Between Sanctity and Depravity: Law and Human Nature in Martin Luther's Two Kingdoms
John Witte Jr.
Emory University School of Law
Villanova Law Review, Vol. 48, pp. 727-762, 2003
Martin Luther (1483-1546) was one of the great revolutionaries in the Western legal tradition. The Protestant Reformation that he inaugurated produced fundamental changes in legal theory, political organization, church-state relations, marriage, education, and social welfare. These changes were inscribed on the legal and confessional systems of that period. They have had an enduring effect on modern public, private, and criminal law, and on modern ideals of liberty, equality, and dignity. This essay surveys these sweeping changes that Luther's Reformation wrought, and then analyzes more closely the sources of inspiration and integration of these reforms in Luther's famous theory of the two kingdoms.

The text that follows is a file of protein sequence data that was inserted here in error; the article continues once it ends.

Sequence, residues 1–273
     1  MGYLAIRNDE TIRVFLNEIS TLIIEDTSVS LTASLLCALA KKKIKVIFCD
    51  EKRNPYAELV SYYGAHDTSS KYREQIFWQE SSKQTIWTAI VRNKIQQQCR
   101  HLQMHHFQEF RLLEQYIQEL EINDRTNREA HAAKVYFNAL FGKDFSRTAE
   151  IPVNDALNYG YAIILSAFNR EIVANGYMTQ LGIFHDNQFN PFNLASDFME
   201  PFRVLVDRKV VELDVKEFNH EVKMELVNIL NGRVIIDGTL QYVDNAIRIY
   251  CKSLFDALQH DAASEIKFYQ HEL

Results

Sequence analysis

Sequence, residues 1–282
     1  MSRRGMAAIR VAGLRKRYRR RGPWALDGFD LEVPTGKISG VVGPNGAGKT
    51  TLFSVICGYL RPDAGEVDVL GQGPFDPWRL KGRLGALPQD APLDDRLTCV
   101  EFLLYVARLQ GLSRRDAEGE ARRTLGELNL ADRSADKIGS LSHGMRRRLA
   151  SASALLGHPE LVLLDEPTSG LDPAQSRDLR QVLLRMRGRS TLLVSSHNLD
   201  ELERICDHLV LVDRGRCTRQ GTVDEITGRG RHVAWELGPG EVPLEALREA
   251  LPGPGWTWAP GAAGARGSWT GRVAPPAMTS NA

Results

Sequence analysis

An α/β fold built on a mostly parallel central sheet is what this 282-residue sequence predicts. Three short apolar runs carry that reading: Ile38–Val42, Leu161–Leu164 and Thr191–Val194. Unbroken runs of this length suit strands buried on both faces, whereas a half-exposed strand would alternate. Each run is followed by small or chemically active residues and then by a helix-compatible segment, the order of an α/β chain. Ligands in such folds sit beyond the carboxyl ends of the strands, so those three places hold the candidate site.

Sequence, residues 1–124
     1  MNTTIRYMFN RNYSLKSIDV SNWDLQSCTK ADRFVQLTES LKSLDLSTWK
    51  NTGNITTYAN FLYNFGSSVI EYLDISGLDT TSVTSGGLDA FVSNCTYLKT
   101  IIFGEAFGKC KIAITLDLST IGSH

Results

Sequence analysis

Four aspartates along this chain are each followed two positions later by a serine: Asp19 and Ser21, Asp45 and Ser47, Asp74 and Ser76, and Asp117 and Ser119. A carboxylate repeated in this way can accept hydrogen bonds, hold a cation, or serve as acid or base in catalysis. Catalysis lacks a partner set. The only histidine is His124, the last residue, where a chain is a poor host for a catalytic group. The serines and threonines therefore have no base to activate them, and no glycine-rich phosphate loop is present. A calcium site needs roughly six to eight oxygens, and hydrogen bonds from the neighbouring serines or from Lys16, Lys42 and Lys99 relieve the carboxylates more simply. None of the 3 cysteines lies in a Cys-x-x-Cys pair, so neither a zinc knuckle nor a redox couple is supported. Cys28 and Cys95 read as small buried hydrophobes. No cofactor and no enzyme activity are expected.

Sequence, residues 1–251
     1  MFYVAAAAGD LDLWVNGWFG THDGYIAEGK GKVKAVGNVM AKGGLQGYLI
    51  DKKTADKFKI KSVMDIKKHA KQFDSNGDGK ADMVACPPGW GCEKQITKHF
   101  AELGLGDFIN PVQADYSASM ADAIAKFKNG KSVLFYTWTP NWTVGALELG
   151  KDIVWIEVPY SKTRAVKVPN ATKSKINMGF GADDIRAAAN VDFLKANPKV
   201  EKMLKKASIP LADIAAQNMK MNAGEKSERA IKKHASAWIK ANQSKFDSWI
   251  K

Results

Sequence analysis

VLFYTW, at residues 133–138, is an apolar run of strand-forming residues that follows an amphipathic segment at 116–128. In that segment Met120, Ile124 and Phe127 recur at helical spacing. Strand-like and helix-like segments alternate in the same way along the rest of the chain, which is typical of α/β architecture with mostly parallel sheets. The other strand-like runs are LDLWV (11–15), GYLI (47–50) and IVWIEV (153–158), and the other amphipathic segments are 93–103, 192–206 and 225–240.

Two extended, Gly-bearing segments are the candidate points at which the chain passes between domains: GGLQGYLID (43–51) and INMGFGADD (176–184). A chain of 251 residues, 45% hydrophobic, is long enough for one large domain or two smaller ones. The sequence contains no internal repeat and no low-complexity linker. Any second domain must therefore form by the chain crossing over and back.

Number of Pages in PDF File: 39
Keywords: Law and Religion, Legal History, Theology, Protestant ReformationAccepted Paper Series
Date posted: September 30, 2003
© 2013 Social Science Electronic Publishing, Inc. All Rights Reserved.
This page was processed by apollo3 in 0.391 seconds